• To the Blight, a repackaging of the second half of The Eye of the World for a younger market.
  • The Hunt Begins, a repackaging of the first half of The Great Hunt for a younger market.
  • New Threads in the Pattern, a repackaging of the second half of The Great Hunt for a younger market.

In 2010, with full permission of the Jordan estate, writer Chuck Dixon began adapting The Eye of the World into a comic books series published by Dynamite Entertainment. The individual comic books were later collected in volumes and released by Tor Books.[25] Notable illustrators who have worked on the series include Chase Conley, Marcio Fiorito, Francis Nuguit, and others.

  • Eye of the World: The Graphic Novel, Volume One, 2011
  • Eye of the World: The Graphic Novel, Volume Two, 2012
  • Eye of the World: The Graphic Novel, Volume Three, 2013
  • Eye of the World: The Graphic Novel, Volume Four, 2013
  • Eye of the World: The Graphic Novel, Volume Five, 2014
  • Eye of the World: The Graphic Novel, Volume Six, 2016

Other published works[edit]

Cheyenne Raiders[edit]

Cheyenne Raiders is a western published in 1982 under the pen name Jackson O'Reilly for the Forge imprint of Tor Books.[2]

The Fallon Saga[edit]

The Fallon Blood (1980), published under the pen name Reagan O'Neal, was Jordan's second novel and first published novel. It was edited and published by Jordan's future wife, Harriet McDougal, for her personal imprint, Popham Press. After they finished promoting the book on tour, they began dating, and when Jordan asked McDougal to marry him, he began selling his books directly to Tom Doherty at Tor Books.[26] The following two books, The Fallon Pride (1981) and The Fallon Legacy (1982) were published under Tor's Forge imprint. Jordan originally planned to take the series much further:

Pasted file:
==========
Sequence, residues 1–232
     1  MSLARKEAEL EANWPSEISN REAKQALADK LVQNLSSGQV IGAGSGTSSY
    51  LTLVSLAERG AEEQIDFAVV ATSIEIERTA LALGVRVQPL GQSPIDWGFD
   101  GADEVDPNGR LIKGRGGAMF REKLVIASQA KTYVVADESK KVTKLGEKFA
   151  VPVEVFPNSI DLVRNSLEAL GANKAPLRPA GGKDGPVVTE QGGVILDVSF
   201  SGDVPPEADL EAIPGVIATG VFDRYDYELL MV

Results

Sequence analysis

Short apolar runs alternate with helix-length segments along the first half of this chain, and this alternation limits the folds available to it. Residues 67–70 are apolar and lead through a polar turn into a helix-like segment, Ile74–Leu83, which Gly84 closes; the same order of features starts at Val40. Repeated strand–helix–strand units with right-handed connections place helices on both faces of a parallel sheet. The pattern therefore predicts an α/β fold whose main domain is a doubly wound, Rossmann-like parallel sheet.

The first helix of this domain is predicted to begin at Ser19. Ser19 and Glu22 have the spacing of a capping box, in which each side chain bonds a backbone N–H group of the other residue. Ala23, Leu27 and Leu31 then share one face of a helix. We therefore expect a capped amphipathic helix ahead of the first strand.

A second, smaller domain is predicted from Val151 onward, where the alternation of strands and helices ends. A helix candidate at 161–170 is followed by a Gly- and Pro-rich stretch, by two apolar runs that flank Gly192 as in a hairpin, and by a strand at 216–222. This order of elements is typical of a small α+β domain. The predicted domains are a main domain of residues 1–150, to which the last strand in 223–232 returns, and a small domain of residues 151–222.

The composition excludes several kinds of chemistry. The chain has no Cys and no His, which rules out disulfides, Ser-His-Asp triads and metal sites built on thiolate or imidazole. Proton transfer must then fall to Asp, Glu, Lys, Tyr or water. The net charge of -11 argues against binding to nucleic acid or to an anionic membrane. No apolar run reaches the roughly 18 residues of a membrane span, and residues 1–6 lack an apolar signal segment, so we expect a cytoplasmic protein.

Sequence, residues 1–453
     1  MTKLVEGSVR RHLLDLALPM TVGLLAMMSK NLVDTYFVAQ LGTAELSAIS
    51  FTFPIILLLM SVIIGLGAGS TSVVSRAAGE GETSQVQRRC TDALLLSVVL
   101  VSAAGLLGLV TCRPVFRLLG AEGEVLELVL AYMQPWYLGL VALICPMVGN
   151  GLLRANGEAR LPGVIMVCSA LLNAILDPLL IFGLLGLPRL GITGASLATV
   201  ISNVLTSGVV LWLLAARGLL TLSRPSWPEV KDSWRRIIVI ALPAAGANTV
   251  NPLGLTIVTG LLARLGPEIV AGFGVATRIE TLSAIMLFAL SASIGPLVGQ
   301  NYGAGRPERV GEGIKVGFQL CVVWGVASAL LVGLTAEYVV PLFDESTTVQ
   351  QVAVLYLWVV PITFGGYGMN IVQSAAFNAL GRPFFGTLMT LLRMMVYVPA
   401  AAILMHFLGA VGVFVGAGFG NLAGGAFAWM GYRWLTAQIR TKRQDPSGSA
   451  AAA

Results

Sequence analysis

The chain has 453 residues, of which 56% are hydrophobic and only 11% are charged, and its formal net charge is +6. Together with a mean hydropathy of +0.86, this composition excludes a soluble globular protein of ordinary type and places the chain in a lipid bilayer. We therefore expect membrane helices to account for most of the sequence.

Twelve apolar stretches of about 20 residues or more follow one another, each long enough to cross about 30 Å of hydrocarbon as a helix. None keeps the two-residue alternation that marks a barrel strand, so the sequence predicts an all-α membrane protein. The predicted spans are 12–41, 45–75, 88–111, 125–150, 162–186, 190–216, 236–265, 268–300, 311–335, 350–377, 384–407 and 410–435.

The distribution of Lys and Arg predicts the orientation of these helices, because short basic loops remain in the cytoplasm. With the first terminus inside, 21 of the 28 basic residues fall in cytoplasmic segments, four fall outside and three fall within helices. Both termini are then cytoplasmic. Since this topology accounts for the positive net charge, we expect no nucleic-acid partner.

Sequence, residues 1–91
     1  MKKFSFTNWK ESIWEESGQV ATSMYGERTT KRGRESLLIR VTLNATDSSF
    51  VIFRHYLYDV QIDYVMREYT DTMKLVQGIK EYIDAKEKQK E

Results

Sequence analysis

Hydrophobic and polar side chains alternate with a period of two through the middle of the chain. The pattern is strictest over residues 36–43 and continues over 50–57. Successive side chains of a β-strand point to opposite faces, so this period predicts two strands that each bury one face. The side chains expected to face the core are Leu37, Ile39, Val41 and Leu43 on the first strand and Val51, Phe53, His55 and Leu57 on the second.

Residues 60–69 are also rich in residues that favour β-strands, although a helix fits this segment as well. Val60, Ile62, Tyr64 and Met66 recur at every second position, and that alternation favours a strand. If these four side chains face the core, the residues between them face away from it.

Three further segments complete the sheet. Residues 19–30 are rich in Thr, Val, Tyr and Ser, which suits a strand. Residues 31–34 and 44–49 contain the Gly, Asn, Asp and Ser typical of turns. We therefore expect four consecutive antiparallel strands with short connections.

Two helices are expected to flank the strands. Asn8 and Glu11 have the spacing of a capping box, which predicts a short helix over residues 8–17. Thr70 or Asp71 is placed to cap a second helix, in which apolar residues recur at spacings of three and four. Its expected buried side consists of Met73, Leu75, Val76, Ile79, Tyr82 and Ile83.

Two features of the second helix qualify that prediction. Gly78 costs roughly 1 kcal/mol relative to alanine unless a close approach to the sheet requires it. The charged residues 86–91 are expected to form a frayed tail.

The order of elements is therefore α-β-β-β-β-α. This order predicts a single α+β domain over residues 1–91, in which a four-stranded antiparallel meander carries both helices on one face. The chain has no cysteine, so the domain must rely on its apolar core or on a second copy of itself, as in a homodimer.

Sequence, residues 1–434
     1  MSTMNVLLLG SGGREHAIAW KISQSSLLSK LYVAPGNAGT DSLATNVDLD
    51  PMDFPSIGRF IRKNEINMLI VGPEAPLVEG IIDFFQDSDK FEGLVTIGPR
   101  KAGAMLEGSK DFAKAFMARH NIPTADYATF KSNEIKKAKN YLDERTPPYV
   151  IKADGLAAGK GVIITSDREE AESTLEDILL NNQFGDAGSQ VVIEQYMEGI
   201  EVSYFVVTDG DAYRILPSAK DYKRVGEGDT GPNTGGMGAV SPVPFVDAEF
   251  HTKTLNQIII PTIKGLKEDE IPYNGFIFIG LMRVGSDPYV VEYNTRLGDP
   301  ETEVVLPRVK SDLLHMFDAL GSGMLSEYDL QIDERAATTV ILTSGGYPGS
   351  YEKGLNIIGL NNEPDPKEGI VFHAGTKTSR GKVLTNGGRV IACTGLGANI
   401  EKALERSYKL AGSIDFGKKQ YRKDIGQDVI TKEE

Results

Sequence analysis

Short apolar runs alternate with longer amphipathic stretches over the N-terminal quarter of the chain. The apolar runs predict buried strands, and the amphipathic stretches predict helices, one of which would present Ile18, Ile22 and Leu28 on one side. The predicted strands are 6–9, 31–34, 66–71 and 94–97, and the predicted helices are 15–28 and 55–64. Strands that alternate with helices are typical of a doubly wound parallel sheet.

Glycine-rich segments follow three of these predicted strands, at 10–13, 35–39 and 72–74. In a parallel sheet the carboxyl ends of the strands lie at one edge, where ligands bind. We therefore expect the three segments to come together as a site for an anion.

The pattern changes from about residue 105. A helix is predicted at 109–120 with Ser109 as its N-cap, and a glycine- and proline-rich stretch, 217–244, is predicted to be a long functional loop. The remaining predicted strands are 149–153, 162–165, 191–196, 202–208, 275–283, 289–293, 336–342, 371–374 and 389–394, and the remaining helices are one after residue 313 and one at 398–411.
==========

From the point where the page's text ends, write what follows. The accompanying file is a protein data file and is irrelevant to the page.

I had intended to do a Southern arc of history. The general arc of history that is studied in the United States and recognized is the move out of New England—Pennsylvania and New York—into the Ohio valley, and from there west to California, but there was a southern arc, which was the move out of Virginia and the Carolinas into Louisiana and Mississippi, and from there into Texas, and from there through New Mexico and Arizona into California. And I wanted to follow that in a series of novels that I originally intended to go from the American Revolution through the Vietnam War, but I'll tell you the truth...I got tired of them. They were doing nicely, but I just got tired of them and said, "I want to do something else."[2]

Conan the Barbarian[edit]

Jordan was one of several writers who have written new Conan the Barbarian stories. When Tom Doherty obtained the rights, he needed a novel very quickly, so Jordan's wife Harriet McDougal recommended him because she knew he had written his first novel, Warriors of the Altaii, in thirteen days.